Gouverneur Morris (1752-1816) was an American politician, public official and diplomat. Born into a prominent New York family, he earned election to the state’s provincial congress, and signed the Articles of Confederation as a New York delegate to the Continental Congress. Among the most vocal participants of the 1787 Constitutional Convention, Morris argued for granting Congress veto powers over state laws, direct election of the president and proportional representation in Congress based on taxation. Morris served as American minister to France from 1792-94, and as a New York senator from 1800-03. He later helped form the New-York Historical Society and was the founding chairman of the Erie Canal Commission.

Born into a New York family distinguished for its wealth, lineage, and political influence, Morris lost his leg in a carriage accident as a young man. He graduated from King’s College (now Columbia University) and in 1771 was admitted to the bar. In 1775, he was elected to New York’s provincial congress and in 1776 served on committees that drafted the state’s new constitution and that instructed New York’s delegates to the Second Continental Congress to support the Declaration of Independence. In 1778, as a New York delegate to the Continental Congress, he signed the Articles of Confederation. Two years later Morris became the Confederation’s assistant superintendent of finance under his political mentor, Robert Morris of Pennsylvania. In that post, he sought to expand the powers of the federal government and drafted a report to Congress recommending the first national currency-a decimal coinage based on the Spanish dollar.

In 1787, Robert Morris engineered an appointment for his protégé as a Pennsylvania delegate to the Federal Convention. Brilliant and irreverent, Gouverneur Morris spoke more often and at greater length than any other delegate. He supported the creation of a strong national government, favoring James Madison’s proposals to grant Congress a veto over state laws and to create a council of revision comprising members of the national executive, legislature, and judiciary. Morris urged that senators be chosen for life and that they meet sizable property qualifications-but he advocated this measure as much to control the wealthy elite as to protect their interests, on the theory that the isolation of the elite in the Senate would make it easier to guard against their efforts to advance their own interests at the expense of the general good. He championed the direct election of the president and proportional representation for the states in Congress based on taxation. He opposed constitutional protection for slavery or the slave trade and disliked the Constitution’s provision permitting new states to be admitted to the Union on an equal footing with the original thirteen. As a member of the convention’s Committee on Style and Arrangement, he prepared the final draft of the Constitution.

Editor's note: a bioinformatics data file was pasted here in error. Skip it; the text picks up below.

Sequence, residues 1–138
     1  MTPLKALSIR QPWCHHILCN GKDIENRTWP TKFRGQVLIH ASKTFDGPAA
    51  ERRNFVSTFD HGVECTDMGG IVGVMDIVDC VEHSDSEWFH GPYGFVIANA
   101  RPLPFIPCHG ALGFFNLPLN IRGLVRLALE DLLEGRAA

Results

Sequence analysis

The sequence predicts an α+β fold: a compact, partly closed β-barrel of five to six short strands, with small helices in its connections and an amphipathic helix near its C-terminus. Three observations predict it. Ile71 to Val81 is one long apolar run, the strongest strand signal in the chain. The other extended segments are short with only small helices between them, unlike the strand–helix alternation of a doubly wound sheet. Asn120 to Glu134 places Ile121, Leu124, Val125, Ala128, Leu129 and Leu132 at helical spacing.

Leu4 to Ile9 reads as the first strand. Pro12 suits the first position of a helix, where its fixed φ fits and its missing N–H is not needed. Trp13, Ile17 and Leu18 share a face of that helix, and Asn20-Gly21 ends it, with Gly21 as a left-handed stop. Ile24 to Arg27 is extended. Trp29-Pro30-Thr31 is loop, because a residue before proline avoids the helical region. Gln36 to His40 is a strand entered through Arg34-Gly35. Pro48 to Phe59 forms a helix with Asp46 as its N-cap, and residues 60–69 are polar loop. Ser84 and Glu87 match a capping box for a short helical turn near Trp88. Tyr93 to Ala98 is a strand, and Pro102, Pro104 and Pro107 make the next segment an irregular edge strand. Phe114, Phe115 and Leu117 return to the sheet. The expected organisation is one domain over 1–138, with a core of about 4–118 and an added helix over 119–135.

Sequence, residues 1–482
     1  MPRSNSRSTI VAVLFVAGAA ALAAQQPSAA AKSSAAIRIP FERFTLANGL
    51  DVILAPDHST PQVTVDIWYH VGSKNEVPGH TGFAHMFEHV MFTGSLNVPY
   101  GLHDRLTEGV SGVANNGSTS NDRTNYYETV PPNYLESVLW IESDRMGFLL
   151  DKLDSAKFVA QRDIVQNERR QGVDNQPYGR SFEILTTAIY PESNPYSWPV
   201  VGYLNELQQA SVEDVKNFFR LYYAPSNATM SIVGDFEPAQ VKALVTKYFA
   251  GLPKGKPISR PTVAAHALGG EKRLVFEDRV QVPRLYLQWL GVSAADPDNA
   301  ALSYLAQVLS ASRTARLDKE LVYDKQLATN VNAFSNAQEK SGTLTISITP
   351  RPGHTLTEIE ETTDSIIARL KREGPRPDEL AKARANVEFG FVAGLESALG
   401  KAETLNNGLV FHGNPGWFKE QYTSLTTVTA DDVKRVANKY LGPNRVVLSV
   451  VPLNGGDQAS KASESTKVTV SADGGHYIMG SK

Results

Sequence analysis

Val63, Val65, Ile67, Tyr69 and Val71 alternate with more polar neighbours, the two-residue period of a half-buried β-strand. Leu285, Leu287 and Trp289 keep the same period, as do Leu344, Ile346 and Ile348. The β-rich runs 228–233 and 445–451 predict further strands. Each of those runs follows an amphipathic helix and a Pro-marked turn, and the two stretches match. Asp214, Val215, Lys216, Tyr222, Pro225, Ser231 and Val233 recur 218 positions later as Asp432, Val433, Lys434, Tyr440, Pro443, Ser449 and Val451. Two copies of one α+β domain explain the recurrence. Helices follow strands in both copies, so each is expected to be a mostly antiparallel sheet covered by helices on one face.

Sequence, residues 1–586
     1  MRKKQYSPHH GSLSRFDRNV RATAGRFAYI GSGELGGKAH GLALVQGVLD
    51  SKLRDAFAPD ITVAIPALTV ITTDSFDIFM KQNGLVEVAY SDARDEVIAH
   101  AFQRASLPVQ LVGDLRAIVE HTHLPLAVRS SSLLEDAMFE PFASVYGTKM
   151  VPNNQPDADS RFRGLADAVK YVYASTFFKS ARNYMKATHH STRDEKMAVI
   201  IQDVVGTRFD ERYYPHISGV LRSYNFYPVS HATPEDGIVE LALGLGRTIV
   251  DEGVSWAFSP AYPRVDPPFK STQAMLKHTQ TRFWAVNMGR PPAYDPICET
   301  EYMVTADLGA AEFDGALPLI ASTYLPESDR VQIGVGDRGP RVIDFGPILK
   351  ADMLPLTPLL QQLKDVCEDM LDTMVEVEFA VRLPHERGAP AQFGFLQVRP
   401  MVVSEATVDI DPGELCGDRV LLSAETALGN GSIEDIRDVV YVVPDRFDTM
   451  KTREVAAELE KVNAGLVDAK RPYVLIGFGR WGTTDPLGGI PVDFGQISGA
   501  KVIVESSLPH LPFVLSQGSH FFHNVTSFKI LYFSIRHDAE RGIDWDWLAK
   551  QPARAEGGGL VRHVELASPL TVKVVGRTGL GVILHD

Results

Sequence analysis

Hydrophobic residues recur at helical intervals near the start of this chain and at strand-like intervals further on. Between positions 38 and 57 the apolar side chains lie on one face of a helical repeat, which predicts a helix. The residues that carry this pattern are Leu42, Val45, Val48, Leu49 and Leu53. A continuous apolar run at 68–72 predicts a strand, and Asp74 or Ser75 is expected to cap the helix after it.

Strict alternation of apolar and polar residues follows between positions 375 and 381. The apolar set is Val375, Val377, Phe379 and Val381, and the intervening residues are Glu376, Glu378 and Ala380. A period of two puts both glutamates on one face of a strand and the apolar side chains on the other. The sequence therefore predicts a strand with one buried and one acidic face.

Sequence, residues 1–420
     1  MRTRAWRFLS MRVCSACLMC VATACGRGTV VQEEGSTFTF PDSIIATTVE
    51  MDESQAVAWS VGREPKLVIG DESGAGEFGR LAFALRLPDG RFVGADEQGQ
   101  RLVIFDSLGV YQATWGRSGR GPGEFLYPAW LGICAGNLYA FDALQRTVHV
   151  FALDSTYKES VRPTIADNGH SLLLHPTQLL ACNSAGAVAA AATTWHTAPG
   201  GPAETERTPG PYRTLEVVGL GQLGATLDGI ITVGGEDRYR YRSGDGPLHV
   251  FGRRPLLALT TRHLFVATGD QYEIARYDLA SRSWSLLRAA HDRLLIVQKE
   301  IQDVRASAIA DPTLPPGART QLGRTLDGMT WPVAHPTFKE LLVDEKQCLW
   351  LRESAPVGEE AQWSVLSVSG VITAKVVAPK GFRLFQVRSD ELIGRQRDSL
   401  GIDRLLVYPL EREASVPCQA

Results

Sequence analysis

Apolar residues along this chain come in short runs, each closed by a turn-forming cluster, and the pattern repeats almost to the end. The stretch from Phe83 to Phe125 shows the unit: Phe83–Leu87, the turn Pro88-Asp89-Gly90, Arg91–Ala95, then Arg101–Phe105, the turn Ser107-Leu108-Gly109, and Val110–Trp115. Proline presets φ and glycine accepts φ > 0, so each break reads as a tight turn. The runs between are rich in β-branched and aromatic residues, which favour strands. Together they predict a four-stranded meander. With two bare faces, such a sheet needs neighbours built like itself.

Morris declined his friend Alexander Hamilton’s invitation to contribute to The Federalist and played no role in the ratification of the Constitution. After travel in Europe on private business and a brief mission to Great Britain in 1790, Morris was named American minister to France (1792-1794). In that post he was critical of the French Revolution; his Diary, published in the 1880s, is a notable eyewitness account of the Terror. In 1794, after the United States demanded the recall of the French ambassador, Edmond Genet, the French in retaliation demanded Morris’s recall. Genet had shown his contempt for the Washington administration by trying to foment American support for France in its wars with the rest of Europe, despite Washington’s announced policy of neutrality. For his part, Morris had attempted a daring but impractical scheme to rescue Louis XVI and his family from the revolutionary authorities.

In 1800, Morris was elected a senator from New York, serving until 1803. In 1804, he helped found the New-York Historical Society and delivered the eulogy for Hamilton at Trinity Church. He was also the founding chairman of the Erie Canal Commission (1810-1816). In opposing the War of 1812, he went so far as to urge that New York and the New England states secede from the Union. When he died, his passing was regretted even by his political adversaries.

The Reader’s Companion to American History. Eric Foner and John A. Garraty, Editors. Copyright © 1991 by Houghton Mifflin Harcourt Publishing Company. All rights reserved.

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